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Test Yaffs under Linux using Virtualbox and Vagrant

You can use this Vagrant box to test Yaffs.

To run it you will need VirtualBox, which you can download from https://www.virtualbox.org/ (50 to 90MB download). To run Virtualbox you will need a PC which is capable of virtualisation. Any PC made in the since about 2006 should be capable of this, apart from notepads, and even some notepads have virtualisation. 

Follow the instructions to install VirtualBox on your system. It’s available for Linux, Solaris, Windows and Mac. The Vagrant box was created using VirtualBox 4.1, but version 4.0 should be ok too if you have a problem with the 4.1 series. 

Once VirtualBox is installed you will need to download and install Vagrant. You find Vagrant at http://vagrantup.com/. Download and install the latest version for your operating system from http://downloads.vagrantup.com/. Vagrant is a download of between 10 and 60MB, depending on your operating system, excluding any Vagrant boxes you choose to download. The install instructions can be found at http://vagrantup.com/v1/docs/getting-started/index.html

Now, download the Yaffs Vagrant box, saving it to your hard drive. This is a large download - 3GB, so if you are on a slow network, you may wish to schedule it for a convenient time.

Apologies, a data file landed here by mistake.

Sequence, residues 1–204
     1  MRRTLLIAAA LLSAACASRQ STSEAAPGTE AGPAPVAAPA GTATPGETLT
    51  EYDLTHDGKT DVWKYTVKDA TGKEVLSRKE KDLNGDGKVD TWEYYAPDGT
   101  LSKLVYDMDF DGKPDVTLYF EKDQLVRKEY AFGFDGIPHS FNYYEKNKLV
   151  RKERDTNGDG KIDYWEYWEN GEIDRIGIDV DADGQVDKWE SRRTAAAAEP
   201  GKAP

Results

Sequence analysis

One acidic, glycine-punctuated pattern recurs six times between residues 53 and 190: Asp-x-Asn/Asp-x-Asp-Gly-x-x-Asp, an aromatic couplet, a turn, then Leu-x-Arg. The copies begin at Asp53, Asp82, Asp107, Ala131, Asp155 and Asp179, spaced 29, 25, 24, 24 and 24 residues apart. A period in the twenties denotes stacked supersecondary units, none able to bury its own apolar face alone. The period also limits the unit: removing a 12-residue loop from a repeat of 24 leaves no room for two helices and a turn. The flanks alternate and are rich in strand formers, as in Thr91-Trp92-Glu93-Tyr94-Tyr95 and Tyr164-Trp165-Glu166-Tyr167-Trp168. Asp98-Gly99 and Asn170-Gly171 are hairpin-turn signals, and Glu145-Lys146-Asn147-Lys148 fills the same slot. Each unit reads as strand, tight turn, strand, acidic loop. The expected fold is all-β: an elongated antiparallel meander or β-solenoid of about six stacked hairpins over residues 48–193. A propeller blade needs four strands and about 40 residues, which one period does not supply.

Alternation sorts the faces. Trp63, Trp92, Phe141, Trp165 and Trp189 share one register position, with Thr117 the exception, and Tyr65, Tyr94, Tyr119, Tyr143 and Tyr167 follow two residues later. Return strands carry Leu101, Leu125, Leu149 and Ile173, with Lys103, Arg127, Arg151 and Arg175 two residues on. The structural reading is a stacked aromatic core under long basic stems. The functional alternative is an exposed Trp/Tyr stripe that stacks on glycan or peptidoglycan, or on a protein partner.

After you have Vagrant installed, to test the Yaffs box, open a command line/terminal and type:

$ mkdir ~/yaffsprecise
$ cd ~/yaffsprecise
$ vagrant box add yaffsprecise /wherever/you/saved/package.box
$ vagrant init yaffsprecise
$ vagrant up
$ vagrant ssh

This will leave you at the command line of the Yaffs box. 

You can find the kernel and yaffs in the ~/kernel directory (i.e. /home/vagrant/kernel).

You can create a Yaffs Nand Simulated drive using the following:

$ sudo sudo modprobe nandsim first_id_byte=0xec second_id_byte=0xd3 third_id_byte=0x51 fourth_id_byte=0x15
$ sudo mount -t yaffs /dev/mtdblock0 /media/nand
In the commands above, there’s no need to modprobe mtd or mtdblock because the Vagrant image has these compiled into the kernel. 
 
Once you have mounted your Yaffs partition, you can experiment with writing and deleting files, watching what happens.